at once corrected. I was not succeeded by Boomer's and Holmes' brigades, or by any other brigade or command, but remained upon the field and helped fight the battle to victory. Those commands were reenforcements sent to my support. If there be the shadow of a doubt upon this point, let a court of inquiry be at once convened. The truth is, that the final repulse given to the enemy on the brow of the hill is to be attributed almost entirely to the enfilading fire of sixteen pieces of artillery, described in my report.
I herewith send you copies of my report and the reports of General McGinnis and Colonel Slack, with the parts marked which bear upon the question*. I feel confident that neither Major-General Grant nor Major-General McClernand would intentionally do me the injustice that this dispatch contains.
Trusting and believing that justice will be done to all, I have the honor to be, your obedient servant,
ALVIN P. HOVEY,
Brigadier-General, Commanding TWELFTH DIVISION.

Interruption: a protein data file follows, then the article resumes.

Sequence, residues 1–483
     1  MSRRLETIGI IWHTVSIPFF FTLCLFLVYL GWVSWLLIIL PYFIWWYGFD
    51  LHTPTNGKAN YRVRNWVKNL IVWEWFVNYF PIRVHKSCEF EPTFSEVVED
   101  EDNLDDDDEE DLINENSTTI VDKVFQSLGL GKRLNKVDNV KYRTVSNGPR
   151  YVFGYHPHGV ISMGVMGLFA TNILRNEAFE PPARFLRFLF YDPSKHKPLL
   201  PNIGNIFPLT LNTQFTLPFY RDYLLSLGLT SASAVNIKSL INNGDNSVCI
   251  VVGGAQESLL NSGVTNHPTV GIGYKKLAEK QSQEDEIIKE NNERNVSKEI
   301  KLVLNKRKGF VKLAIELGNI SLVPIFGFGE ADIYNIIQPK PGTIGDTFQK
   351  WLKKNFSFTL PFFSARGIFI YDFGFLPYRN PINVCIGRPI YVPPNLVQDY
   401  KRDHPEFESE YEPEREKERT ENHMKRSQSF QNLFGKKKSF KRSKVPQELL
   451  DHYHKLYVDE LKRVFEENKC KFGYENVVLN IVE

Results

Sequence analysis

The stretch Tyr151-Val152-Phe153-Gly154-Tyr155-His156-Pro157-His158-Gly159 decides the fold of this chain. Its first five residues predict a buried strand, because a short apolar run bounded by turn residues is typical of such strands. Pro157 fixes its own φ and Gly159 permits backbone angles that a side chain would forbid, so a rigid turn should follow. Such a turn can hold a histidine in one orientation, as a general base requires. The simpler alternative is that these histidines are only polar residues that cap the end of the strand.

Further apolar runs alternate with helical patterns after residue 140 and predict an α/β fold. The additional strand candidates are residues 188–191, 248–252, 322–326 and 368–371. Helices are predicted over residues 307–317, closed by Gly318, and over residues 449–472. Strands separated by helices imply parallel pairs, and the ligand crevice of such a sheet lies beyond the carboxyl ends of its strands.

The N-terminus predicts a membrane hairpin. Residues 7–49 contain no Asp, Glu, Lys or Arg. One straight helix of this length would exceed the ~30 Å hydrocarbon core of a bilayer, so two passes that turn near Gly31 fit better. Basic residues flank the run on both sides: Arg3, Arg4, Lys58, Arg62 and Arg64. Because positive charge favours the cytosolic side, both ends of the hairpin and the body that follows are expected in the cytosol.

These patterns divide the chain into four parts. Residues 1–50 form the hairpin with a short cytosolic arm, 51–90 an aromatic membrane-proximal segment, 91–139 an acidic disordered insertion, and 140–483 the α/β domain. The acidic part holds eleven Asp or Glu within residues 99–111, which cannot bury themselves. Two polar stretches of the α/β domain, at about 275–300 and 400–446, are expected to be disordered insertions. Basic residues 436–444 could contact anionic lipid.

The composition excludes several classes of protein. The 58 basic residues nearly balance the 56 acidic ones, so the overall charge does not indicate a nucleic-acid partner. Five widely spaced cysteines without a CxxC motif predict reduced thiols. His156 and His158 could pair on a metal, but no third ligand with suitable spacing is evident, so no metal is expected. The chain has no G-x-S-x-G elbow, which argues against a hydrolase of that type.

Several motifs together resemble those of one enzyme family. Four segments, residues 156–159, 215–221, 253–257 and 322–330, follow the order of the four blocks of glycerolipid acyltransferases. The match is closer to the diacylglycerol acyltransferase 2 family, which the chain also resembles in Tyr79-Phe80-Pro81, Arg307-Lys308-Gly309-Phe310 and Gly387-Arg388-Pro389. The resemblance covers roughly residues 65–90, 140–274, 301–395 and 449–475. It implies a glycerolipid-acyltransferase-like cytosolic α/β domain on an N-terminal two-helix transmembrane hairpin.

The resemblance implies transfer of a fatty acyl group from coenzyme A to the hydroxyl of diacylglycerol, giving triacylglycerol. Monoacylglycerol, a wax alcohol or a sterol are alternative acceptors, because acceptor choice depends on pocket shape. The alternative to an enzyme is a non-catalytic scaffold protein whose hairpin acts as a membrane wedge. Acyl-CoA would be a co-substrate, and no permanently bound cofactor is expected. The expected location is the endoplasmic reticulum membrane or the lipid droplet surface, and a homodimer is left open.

Lieutenant Colonel WALTER B. SCATES,
Official report of the battles of Baker's Creek and Black River Bridge.
WASHINGTON, May 24.
The following official details of the battle of the Black River Bridge have been received:
IN THE REAR OF Vicksburg,
May 20-a. M.
E. M. STANTON,
Secretary of War:
Grant won a great and momentous victory over the rebels, under Pemberton, on the Jackson and Vicksburg Railroad, at Baker's Creek, on the 16th instant. Pemberton had a most formidable position on the crest of a wooded hill, over which the road passed longitudinally. He had about 25,000 men. The battle began about 11 a. m., and was gained at 4. p. m. The brunt was borne by Hovey's DIVISION, of McClernand's corps, and Logan's and Crocker's DIVISIONS, of McPherson's corps. Hovey attacked the hill, and held the greater part of it until 2. p. m., when, having lost 1,600 men, he was succeeded by Boomer's and Holmes' brigades, of Crocker's DIVISION, by which the conflict was ended in that part of the field. Boomer lost 500 men. Logan operated on the right and cut off the enemy's direct retreat, so that he was compelled to escape by his right flank throughout the woods. Logan lost 400 killed and wounded. We took about 2,000 prisoners.
On the 17th, advancing to the Big Black, we fought Pemberton again at the bridge, and captured 3,000 more prisoners. He fought in riflepits, protected by a difficult bayou full of abatis. Lawler's brigade, of McClernand's corps, charged the rifle-pits magnificently, and took more prisoners than their own number. He lost 500 killed and wounded.
McPherson, who holds the center, lost but little, as did McClernand, who holds the left,
*Nothing marked on either of these reports on file.